Blocking migrants from boarding trains, especially when they have a paid ticket, “will push them right into the hands of smugglers,” according to IOM’s Director General William Lacy Swing, creating tragedies like the one on 27 August when 71 migrants were found in an abandoned truck on an Austrian highway. While countries should focus on anti-smuggling and border management efforts, building fences and halting train service will only create greater incentive for those entering Europe to seek the services of smugglers.

Additionally, an increase in search and rescue operations by countries with large coasts, particularly on popular passageways and routes, should be dedicated to prevent the already 2,701 deaths that have occurred on the Mediterranean Sea. The number of deaths at sea rose dramatically from 2014 to 2015 as more and more have tried to cross through the waters.

Taking Action

Many of those watching the events in Europe unfold can feel helpless on what actions to take or how to help. Long-term political solutions to conflict in the Middle East and Libya and a consolidated policy response by EU member states can feel out of reach for regular citizens that want to take immediate action. But, there are a number of ways in which those that seek to help can do so.

First, through donations and cash assistance to those providing humanitarian assistance and protection. Additional funding will support those persons entering the EU with very few resources. There are a number of humanitarian organizations, NGOs and grassroots organizations that are providing immediate assistance to migrants and refugees, both in their countries of origin and in the countries where they have sought refuge, including in Europe.

Second, putting pressure on state and local leaders to build and staff more reception centers, especially in those countries that receive a high number of migrants and refugees, can ensure that they receive adequate protection while their status is being processed. Looking the other way as refugees and migrants cross highways, camp out in stations and run through irregular border crossings as they make their way up to northern Europe, only puts those entering into greater harm.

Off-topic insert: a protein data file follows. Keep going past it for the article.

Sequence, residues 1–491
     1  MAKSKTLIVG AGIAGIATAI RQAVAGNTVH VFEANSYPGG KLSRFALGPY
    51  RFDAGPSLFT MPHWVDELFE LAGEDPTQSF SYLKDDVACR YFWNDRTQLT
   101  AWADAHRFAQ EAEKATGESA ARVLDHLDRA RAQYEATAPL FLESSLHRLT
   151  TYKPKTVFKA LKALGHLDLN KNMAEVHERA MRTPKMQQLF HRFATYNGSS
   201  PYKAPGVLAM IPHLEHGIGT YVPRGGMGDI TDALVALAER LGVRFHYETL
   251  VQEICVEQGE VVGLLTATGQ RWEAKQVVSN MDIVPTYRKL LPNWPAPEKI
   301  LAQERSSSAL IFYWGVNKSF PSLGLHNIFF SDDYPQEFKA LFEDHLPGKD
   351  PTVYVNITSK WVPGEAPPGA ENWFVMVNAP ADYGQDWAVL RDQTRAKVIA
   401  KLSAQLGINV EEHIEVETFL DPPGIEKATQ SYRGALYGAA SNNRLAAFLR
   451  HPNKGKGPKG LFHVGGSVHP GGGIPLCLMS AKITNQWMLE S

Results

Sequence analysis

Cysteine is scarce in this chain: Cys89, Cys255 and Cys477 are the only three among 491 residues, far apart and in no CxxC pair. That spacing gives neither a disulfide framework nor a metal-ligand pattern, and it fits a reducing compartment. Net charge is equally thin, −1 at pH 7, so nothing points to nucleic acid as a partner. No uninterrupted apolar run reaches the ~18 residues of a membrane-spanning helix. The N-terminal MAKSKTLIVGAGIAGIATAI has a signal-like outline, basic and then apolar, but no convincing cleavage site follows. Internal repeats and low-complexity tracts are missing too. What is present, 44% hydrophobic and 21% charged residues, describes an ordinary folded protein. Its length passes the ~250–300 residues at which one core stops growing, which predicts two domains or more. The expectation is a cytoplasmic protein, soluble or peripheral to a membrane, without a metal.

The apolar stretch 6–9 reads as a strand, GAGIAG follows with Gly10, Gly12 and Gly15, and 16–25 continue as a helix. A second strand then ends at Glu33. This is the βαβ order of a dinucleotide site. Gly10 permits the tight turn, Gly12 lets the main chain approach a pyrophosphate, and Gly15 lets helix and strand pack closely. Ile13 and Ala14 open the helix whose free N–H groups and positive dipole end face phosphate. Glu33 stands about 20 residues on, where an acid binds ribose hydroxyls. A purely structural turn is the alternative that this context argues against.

Third, encouraging governments both in Europe and across the world to take in a larger number of refugees through resettlement programs can also provide legal pathways and viable options for the millions of refugees that have no other choice than to irregularly enter a country. We’ve seen the positive effect that protests from constituents, civil society and the press have had on leadership in the UK which has abandoned its previous position against admitting more migrants and refugees.

While, there is no guarantee that conditions for these migrants and refugees will get any better in the short-term, it is paramount that countries around the world participate in a collective effort to make sure there is not a mounting number of capsized boats and abandoned trucks across Europe and its surrounding shores. For the hundreds of thousands that have made it to Europe and the thousands that will continue to try, this dangerous journey is their only option.